What Paradise Sounds Like


Dear Will:

I believe that when called upon to sing in a large group of people most of us pretty much just mumble through so as not to draw attention to ourselves. Listen the next time a bunch of co-workers crowd into a conference room to sing “Happy Birthday,” for example. Without fail the version that warbles forth will be horrible, and that partly comes from the fact that most of us can’t sing a lick.

At least at church you’ve got the organ there to drown most of us out. But even so, generally speaking you can hardly hear the person singing next to you (we’re shy that way). As a consequence, I can blurt out my version of “Onward, Christian Soldiers” along with the rest of the troops and nary a footman will notice my contribution—nor I theirs. At least, that seems to be the plan.

Several weeks back, however, I was droning my way through the designated hymn when something stopped me short. From behind me I heard a truly beautiful sound, a woman whose angelic voice was so transcendent that I just had to stop to listen. She wasn’t being showy—she simply had been trained as most of us have not, and it was glorious. Suddenly, the rote incantation of Hymn No. Whatever was transformed into a moment of richness and worship, the Spirit speaking clearly to me through her.

That memory came back to me recently during my morning commute as I was listening to The Writer’s Almanac, a daily podcast hosted by Garrison Keillor of A Prairie Home Companion fame. Keillor shared a poem that captures what I felt that day in church; it expresses what I never could about the power and truth conveyed by beautiful, sacred music performed with love and faith:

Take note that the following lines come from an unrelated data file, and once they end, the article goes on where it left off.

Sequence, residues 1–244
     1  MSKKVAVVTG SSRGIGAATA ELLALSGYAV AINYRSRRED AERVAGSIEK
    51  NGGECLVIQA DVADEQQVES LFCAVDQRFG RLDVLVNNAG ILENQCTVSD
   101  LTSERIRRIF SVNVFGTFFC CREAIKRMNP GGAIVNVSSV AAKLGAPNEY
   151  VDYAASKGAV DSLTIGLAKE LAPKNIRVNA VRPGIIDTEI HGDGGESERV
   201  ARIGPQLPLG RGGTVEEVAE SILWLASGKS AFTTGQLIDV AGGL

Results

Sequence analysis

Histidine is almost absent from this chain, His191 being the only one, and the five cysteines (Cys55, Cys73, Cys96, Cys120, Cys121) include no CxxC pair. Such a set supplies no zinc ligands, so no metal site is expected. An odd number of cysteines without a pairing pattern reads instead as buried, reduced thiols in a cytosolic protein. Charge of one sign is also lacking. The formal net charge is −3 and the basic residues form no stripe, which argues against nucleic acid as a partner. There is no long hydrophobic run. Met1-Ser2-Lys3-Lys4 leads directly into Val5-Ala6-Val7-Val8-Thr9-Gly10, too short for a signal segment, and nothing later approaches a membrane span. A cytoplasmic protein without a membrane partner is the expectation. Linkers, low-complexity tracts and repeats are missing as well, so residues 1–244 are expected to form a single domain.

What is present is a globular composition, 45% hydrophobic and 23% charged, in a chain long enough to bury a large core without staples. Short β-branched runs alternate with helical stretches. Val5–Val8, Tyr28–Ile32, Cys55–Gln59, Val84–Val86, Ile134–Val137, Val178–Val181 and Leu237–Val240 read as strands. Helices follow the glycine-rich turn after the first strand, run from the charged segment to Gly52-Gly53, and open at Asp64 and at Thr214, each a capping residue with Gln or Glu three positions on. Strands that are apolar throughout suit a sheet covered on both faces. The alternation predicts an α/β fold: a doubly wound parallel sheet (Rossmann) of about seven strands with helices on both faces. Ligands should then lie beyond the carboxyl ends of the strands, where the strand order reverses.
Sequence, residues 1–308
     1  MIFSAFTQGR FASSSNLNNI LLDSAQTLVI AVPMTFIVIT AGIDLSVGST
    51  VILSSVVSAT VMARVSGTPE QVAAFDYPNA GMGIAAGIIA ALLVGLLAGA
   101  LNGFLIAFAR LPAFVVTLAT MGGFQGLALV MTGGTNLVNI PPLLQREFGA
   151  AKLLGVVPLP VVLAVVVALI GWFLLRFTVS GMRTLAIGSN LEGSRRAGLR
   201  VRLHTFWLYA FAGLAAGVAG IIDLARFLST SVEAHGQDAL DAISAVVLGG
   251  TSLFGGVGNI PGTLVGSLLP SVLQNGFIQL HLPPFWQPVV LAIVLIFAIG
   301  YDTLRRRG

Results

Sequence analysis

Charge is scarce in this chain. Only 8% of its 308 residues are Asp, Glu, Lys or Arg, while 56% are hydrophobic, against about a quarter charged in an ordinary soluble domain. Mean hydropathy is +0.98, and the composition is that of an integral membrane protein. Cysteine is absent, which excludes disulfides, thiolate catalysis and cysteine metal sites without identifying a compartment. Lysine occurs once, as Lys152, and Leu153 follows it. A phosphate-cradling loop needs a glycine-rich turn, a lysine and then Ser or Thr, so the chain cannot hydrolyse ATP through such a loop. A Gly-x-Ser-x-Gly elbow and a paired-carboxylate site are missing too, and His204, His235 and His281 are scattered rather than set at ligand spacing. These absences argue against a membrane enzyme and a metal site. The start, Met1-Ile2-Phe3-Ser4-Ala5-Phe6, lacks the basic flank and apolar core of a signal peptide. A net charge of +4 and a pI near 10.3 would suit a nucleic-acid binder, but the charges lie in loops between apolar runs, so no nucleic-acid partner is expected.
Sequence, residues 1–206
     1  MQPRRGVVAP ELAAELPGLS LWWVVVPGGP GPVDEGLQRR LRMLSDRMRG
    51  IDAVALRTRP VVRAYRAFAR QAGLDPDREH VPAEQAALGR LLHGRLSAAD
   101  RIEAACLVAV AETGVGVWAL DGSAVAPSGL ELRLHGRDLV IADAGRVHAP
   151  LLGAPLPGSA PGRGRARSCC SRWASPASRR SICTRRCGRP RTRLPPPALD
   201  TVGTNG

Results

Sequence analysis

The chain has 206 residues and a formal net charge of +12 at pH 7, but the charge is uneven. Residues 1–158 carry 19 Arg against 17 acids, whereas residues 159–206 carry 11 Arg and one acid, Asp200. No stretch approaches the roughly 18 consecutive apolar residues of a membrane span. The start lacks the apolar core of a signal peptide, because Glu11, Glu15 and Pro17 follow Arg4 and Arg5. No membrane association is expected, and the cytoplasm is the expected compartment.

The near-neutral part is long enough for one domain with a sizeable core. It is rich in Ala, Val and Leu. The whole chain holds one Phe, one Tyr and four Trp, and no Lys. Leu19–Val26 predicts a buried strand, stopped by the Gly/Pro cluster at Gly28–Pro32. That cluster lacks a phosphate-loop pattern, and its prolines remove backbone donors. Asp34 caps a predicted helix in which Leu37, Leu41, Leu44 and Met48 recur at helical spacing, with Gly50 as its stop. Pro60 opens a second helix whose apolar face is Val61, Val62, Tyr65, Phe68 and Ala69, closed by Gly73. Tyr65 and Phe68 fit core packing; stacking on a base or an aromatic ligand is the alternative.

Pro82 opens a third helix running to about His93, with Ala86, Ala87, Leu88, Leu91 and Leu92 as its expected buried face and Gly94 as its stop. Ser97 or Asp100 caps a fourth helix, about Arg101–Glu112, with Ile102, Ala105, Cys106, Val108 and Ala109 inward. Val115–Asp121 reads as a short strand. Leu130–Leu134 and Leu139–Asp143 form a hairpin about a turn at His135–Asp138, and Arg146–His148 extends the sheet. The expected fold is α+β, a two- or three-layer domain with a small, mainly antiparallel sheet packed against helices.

By Anne Porter
from Living Things. © Zoland Books, 2006.

When I was a child
I once sat sobbing on the floor
Beside my mother’s piano
As she played and sang
For there was in her singing
A shy yet solemn glory
My smallness could not hold

And when I was asked
Why I was crying
I had no words for it
I only shook my head
And went on crying

Why is it that music
At its most beautiful
Opens a wound in us
An ache a desolation
Deep as a homesickness
For some far-off
And half-forgotten country

I’ve never understood
Why this is so

But there’s an ancient legend
From the other side of the world
That gives away the secret
Of this mysterious sorrow

For centuries on centuries
We have been wandering
But we were made for Paradise
As deer for the forest

And when music comes to us
With its heavenly beauty
It brings us desolation
For when we hear it
We half remember
That lost native country

We dimly remember the fields
Their fragrant windswept clover
The birdsongs in the orchards
The wild white violets in the moss
By the transparent streams

And shining at the heart of it
Is the longed-for beauty
Of the One who waits for us
Who will always wait for us
In those radiant meadows

Yet also came to live with us
And wanders where we wander.

I can’t read that thoughtful poem without also recalling a familiar scripture, which summarizes how He feels about worshipful music: “For my soul delighteth in the song of the heart; yea, the song of the righteous is a prayer unto me” (D&C 25:12).

To which I say: Amen.


2 thoughts on “What Paradise Sounds Like

  1. Charlotte Hinckley

    Thanks for this lovely poem and your musings. I received the link to your blog this morning and learned of the loss of your beautiful mother. The last time I saw her she told me of her great eagerness to experience the other side. I was fascinated. The first time I met her she told me something I have remembered over and over: “you’re only on the rung of the ladder you are on.” Thanks.

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